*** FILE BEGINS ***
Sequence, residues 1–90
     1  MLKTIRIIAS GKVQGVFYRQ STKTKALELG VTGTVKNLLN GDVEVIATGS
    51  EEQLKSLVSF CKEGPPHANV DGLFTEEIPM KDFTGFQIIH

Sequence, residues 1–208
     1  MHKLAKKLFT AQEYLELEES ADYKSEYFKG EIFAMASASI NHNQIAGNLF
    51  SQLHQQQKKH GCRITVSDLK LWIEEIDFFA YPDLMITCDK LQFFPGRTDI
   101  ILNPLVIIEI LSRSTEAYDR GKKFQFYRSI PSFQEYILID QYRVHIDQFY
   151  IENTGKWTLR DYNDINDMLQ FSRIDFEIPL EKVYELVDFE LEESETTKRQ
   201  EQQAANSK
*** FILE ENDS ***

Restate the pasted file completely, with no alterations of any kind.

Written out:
Sequence, residues 1–90
     1  MLKTIRIIAS GKVQGVFYRQ STKTKALELG VTGTVKNLLN GDVEVIATGS
    51  EEQLKSLVSF CKEGPPHANV DGLFTEEIPM KDFTGFQIIH

Sequence, residues 1–208
     1  MHKLAKKLFT AQEYLELEES ADYKSEYFKG EIFAMASASI NHNQIAGNLF
    51  SQLHQQQKKH GCRITVSDLK LWIEEIDFFA YPDLMITCDK LQFFPGRTDI
   101  ILNPLVIIEI LSRSTEAYDR GKKFQFYRSI PSFQEYILID QYRVHIDQFY
   151  IENTGKWTLR DYNDINDMLQ FSRIDFEIPL EKVYELVDFE LEESETTKRQ
   201  EQQAANSK